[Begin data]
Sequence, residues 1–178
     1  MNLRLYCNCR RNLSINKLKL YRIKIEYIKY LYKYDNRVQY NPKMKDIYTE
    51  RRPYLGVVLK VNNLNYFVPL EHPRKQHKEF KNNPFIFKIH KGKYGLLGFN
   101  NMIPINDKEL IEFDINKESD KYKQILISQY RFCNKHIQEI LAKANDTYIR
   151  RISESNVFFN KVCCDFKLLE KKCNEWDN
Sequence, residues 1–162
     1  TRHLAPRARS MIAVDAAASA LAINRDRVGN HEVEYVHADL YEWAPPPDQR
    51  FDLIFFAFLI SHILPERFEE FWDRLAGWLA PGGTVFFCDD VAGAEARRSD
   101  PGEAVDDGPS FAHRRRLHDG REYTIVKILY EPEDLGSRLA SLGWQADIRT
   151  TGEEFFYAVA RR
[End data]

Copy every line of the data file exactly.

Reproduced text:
Sequence, residues 1–178
     1  MNLRLYCNCR RNLSINKLKL YRIKIEYIKY LYKYDNRVQY NPKMKDIYTE
    51  RRPYLGVVLK VNNLNYFVPL EHPRKQHKEF KNNPFIFKIH KGKYGLLGFN
   101  NMIPINDKEL IEFDINKESD KYKQILISQY RFCNKHIQEI LAKANDTYIR
   151  RISESNVFFN KVCCDFKLLE KKCNEWDN
Sequence, residues 1–162
     1  TRHLAPRARS MIAVDAAASA LAINRDRVGN HEVEYVHADL YEWAPPPDQR
    51  FDLIFFAFLI SHILPERFEE FWDRLAGWLA PGGTVFFCDD VAGAEARRSD
   101  PGEAVDDGPS FAHRRRLHDG REYTIVKILY EPEDLGSRLA SLGWQADIRT
   151  TGEEFFYAVA RR